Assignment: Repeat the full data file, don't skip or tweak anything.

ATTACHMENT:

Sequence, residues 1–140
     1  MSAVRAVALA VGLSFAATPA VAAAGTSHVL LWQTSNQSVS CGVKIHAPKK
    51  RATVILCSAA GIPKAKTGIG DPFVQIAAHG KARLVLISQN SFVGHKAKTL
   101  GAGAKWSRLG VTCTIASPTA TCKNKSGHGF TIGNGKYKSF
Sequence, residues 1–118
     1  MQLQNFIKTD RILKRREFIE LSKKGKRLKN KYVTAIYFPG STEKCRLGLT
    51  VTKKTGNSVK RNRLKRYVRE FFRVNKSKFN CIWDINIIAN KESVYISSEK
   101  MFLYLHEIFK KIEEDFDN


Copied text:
Sequence, residues 1–140
     1  MSAVRAVALA VGLSFAATPA VAAAGTSHVL LWQTSNQSVS CGVKIHAPKK
    51  RATVILCSAA GIPKAKTGIG DPFVQIAAHG KARLVLISQN SFVGHKAKTL
   101  GAGAKWSRLG VTCTIASPTA TCKNKSGHGF TIGNGKYKSF
Sequence, residues 1–118
     1  MQLQNFIKTD RILKRREFIE LSKKGKRLKN KYVTAIYFPG STEKCRLGLT
    51  VTKKTGNSVK RNRLKRYVRE FFRVNKSKFN CIWDINIIAN KESVYISSEK
   101  MFLYLHEIFK KIEEDFDN